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Old 10-25-2013, 09:08 PM
 
281 posts, read 384,942 times
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Hmmm, so it seems you already knew the answer just wanted to hear others say it.
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Old 10-25-2013, 09:11 PM
 
573 posts, read 877,737 times
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In the last decade NYC has gained 1,000,000 people where as Los Angeles has gained around 250,000 so at that rate I would say hell no.
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Old 10-25-2013, 09:11 PM
 
281 posts, read 384,942 times
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Quote:
Originally Posted by Metro Matt View Post
No, never.

LA will always play 2nd fiddle.
NYC>LA>Chicago>DMV>SF>Boston>Dallas>Houston, yeah I guess you're right.
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Old 10-25-2013, 09:13 PM
 
281 posts, read 384,942 times
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Quote:
Originally Posted by Citykid55 View Post
Yeah, but I keep hearing people say "Los angeles will overtake New York in population in our lifetimes". Will New York always be "Americas city"?
Who are these people you speak of?
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Old 10-26-2013, 04:50 AM
 
1,111 posts, read 1,690,250 times
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Not in my lifetime! NYC will always be America's largest city and metro in the forseeable future!
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Old 10-26-2013, 08:10 AM
 
Location: Raccoon City
813 posts, read 1,071,346 times
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It would have to be done through large amounts of land annexation since LA doesn't have the structural density to compete with NYC.
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Old 10-26-2013, 08:59 AM
 
Location: Zurich, Switzerland/ Piedmont, CA
32,354 posts, read 55,157,123 times
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Los Angeles did become the largest metro area in the early 1990s, but then the omb decided to change the criteria for combining and so NY was able to merge with a bunch of surrounding metros to create the behemoth we see now.

So LA was 1st for a while, fyi.

As far as the future, NY is soooo huge now that for the LA MSA it will take a while if ever, but as far as CSA(Combined Statistical Area), I say probably it will surpass NY but it will take a while.
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Old 10-26-2013, 09:01 AM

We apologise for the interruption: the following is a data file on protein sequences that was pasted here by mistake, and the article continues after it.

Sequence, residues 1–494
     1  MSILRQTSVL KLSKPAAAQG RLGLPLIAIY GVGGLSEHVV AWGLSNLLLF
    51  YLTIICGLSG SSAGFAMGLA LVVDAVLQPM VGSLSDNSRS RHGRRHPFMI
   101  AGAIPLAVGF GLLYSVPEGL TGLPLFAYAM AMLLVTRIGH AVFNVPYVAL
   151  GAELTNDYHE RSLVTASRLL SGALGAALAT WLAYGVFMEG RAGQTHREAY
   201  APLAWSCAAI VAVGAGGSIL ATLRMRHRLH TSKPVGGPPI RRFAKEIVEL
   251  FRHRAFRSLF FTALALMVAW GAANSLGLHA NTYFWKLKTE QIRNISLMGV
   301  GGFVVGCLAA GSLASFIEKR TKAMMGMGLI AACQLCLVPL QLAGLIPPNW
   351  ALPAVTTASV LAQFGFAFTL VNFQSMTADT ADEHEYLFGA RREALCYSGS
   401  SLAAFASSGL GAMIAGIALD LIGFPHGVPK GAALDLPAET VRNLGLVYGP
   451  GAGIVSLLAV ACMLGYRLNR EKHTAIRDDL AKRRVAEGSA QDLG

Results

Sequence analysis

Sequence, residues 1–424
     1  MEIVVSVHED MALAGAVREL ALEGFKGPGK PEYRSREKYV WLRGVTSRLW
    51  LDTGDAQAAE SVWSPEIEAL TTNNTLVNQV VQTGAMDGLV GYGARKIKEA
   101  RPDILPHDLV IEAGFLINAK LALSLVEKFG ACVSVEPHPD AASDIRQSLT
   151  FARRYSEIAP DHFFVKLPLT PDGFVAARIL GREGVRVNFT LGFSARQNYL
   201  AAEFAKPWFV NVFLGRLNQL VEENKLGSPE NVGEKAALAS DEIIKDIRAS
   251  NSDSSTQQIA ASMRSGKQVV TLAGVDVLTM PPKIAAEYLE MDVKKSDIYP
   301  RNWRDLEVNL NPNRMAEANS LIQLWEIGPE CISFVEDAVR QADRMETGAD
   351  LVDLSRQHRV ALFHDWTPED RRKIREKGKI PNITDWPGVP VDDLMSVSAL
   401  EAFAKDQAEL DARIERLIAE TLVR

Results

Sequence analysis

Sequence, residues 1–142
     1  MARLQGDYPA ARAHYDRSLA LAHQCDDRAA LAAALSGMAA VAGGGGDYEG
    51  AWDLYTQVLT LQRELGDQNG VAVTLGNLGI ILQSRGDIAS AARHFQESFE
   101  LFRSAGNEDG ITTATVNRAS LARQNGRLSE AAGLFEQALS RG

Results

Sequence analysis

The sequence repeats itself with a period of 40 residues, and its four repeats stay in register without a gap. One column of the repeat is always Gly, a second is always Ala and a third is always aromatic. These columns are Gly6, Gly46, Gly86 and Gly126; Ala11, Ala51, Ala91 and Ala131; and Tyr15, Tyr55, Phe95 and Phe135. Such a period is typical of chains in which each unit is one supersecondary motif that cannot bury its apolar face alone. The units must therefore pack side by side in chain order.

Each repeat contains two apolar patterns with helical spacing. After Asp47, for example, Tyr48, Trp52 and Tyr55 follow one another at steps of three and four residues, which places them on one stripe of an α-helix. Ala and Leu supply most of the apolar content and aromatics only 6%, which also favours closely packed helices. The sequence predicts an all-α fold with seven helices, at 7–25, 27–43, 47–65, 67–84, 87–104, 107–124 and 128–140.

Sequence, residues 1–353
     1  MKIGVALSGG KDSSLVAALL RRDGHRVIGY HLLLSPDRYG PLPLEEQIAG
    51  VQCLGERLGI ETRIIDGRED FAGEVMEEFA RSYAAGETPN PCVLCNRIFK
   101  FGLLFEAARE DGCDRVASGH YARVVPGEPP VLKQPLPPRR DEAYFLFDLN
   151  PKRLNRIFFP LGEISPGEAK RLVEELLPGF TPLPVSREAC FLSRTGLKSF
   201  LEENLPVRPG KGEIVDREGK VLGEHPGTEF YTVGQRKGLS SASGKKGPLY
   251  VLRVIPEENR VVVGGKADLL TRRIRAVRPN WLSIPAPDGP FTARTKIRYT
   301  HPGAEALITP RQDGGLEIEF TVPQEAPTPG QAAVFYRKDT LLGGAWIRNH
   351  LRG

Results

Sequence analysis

Location: Zurich, Switzerland/ Piedmont, CA
32,354 posts, read 55,157,123 times
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Quote:
Originally Posted by thefallensrvnge View Post
It would have to be done through large amounts of land annexation since LA doesn't have the structural density to compete with NYC.
Structural density has nothing to do with how metro areas are determined.

It all depends on counties and how many people from one county commute to another.
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Old 10-26-2013, 09:49 AM
 
1,613 posts, read 1,938,776 times
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Quote:
Originally Posted by 18Montclair View Post
Los Angeles did become the largest metro area in the early 1990s, but then the omb decided to change the criteria for combining and so NY was able to merge with a bunch of surrounding metros to create the behemoth we see now.
This isn't true. In fact, the gap between LA and NYC was even bigger 20 years ago.

And it doesn't even make any sense. There are no sizable metros that have merged with the NYC metro area. The big ones like Philly and Hartford (or even Scranton) aren't part of the metro area. The only metro area that joined with the NYC area in recent years was Allentown, and it was just this year (and Allentown isn't that big).

The addition of CSAs actually helped LA much more than NYC, and somewhat closed the relative gap. If you look at the more traditional MSA measurement, NYC was about twice the size in the 1990's.

In short, the OMB changes helped LA more than any other metro area in the U.S., but still, there's a huge gap between the two cities, by any measure (city proper, MSA, or CSA).
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Old 10-26-2013, 12:12 PM
 
181 posts, read 248,610 times
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Quote:
Originally Posted by MichiVegas View Post
This isn't true. In fact, the gap between LA and NYC was even bigger 20 years ago.

And it doesn't even make any sense. There are no sizable metros that have merged with the NYC metro area. The big ones like Philly and Hartford (or even Scranton) aren't part of the metro area. The only metro area that joined with the NYC area in recent years was Allentown, and it was just this year (and Allentown isn't that big).

The addition of CSAs actually helped LA much more than NYC, and somewhat closed the relative gap. If you look at the more traditional MSA measurement, NYC was about twice the size in the 1990's.

In short, the OMB changes helped LA more than any other metro area in the U.S., but still, there's a huge gap between the two cities, by any measure (city proper, MSA, or CSA).
But nyc will be America's equivalent of London, Toronto, Tokyo,etc right?
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